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Harry Croyle Curtis, Nomura Securities Co. Ltd., Research Division - MD and Senior Analyst [47]

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Very good. And just wanted to shift gears really quickly to discuss free cash flow. 2017 should be another strong year of free cash flow after all of your CapEx. You've got a very strong leverage ratio. Do you think that '17, you'll, once again, balance share repurchase with dividends the way you did last year? Or do you see a better return buying more stock this year, given your attractive multiple relative to any other consumer stock out there?

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Arnold W. Donald, Carnival Corporation - CEO, President and Director [48]

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That will be a board decision, obviously, at the time. But just philosophically, we try to stay in a certain ratio of dividend payout to earnings, because dividends, you're going to do those forever and -- hopefully, and so you want to make certain that you're in a decent ratio there. And so we target a ratio on dividend payout, and then the balance, we like to give back to the shareholders through stock repurchase.

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David Bernstein, Carnival Corporation - CFO and CAO [49]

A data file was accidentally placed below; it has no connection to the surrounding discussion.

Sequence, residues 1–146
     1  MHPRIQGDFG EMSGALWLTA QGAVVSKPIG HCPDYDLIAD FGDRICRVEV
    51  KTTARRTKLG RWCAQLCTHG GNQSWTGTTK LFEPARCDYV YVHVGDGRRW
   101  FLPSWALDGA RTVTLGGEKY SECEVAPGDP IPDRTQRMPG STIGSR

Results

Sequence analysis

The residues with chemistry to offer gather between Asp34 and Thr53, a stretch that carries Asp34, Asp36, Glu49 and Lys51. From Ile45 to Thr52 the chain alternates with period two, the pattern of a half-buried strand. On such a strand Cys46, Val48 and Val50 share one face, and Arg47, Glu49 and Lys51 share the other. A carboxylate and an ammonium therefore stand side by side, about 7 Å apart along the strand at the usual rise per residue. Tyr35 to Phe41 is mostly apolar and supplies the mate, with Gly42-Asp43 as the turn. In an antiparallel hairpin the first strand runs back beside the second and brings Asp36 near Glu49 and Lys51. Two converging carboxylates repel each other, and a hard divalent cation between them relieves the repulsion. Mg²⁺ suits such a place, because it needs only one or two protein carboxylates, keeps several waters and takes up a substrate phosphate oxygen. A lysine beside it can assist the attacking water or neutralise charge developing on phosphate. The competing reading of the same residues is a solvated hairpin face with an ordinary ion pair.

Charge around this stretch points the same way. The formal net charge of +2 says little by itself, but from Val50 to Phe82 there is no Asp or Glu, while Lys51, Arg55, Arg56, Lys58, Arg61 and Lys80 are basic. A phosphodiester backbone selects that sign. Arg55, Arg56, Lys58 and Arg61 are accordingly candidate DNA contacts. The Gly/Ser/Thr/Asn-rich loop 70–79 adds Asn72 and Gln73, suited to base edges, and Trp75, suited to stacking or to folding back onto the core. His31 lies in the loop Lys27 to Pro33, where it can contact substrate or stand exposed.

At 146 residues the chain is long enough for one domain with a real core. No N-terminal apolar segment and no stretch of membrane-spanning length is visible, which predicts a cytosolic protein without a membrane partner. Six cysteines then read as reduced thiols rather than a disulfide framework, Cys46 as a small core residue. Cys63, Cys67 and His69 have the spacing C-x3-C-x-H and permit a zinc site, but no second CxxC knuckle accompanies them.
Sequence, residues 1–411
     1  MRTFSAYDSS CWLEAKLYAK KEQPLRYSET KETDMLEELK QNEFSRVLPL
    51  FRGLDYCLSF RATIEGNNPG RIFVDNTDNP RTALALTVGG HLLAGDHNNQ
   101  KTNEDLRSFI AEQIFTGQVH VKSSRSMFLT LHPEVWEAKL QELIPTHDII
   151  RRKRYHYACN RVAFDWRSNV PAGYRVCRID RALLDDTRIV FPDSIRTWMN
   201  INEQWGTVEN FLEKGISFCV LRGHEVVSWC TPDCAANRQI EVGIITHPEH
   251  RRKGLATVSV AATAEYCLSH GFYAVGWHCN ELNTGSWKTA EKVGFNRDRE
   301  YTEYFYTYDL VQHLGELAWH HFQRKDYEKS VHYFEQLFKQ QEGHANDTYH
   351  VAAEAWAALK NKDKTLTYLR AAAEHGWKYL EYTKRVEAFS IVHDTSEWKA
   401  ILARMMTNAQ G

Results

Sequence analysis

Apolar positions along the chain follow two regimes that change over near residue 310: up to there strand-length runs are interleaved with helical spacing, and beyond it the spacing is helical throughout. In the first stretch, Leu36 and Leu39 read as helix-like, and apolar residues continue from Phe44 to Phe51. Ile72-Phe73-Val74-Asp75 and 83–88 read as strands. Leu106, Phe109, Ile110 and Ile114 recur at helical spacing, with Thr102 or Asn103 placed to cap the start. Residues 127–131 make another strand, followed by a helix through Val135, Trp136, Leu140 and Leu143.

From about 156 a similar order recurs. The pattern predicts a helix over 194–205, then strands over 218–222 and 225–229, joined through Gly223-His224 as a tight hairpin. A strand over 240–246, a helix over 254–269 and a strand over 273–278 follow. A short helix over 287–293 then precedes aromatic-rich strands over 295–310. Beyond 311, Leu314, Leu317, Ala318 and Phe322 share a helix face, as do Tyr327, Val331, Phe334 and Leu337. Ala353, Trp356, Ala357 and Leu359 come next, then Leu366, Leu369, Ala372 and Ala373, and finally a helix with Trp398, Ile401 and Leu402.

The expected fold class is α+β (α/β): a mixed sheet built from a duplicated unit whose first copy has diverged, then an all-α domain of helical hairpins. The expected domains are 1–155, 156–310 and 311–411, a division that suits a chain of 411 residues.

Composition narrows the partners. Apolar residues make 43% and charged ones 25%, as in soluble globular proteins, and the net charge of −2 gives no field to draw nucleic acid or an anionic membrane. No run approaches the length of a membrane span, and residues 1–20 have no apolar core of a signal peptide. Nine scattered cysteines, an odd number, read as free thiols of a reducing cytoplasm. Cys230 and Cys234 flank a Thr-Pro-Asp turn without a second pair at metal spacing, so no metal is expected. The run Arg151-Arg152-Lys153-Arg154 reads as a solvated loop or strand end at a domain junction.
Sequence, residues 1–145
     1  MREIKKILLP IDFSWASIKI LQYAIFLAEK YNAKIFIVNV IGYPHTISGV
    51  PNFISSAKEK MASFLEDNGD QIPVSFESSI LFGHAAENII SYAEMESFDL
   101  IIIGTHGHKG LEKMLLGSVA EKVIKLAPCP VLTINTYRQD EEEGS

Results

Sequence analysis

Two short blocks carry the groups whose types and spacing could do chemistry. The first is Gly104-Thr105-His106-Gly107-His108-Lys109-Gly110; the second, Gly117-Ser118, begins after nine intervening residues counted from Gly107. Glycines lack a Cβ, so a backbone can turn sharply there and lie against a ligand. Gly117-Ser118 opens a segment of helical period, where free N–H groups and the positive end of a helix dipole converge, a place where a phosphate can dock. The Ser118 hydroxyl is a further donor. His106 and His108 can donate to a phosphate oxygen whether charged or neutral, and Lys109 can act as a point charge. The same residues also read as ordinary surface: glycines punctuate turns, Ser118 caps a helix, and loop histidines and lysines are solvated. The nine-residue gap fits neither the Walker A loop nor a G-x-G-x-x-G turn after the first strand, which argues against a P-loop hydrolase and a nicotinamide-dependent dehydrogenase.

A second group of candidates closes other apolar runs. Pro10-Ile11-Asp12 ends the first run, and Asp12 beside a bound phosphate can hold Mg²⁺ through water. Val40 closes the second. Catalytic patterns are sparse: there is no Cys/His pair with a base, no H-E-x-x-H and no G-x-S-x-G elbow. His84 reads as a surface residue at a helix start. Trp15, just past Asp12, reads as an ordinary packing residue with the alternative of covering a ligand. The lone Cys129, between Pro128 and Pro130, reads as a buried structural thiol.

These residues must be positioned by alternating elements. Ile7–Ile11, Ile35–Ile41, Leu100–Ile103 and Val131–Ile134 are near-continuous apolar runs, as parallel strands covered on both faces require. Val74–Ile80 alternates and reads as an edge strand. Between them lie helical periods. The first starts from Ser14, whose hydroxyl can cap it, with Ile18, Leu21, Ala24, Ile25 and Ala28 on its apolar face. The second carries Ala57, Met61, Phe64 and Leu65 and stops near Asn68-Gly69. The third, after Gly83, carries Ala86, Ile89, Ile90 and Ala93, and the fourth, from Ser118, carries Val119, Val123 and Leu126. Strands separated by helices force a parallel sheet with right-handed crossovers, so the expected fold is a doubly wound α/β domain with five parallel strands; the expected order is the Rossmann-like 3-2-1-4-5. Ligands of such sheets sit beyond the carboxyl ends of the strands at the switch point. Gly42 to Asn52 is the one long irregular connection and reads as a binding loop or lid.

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And the target ratio...

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Harry Croyle Curtis, Nomura Securities Co. Ltd., Research Division - MD and Senior Analyst [50]

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Philosophically -- go ahead.

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David Bernstein, Carnival Corporation - CFO and CAO [51]

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I was going to say the target ratio that we have targeted historically and we've reiterated is about a 40% to 50% payout ratio. So we're constantly looking that we will be talking to the board about the dividends. And the remainder, it's not just the free cash flow, but we've said a number of times, that with the strong balance sheet, we can return free cash flow and more to shareholders. And our expectation is we'll do that over time.

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Operator [52]

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Our next question comes from the line of David Beckel with Bernstein Research.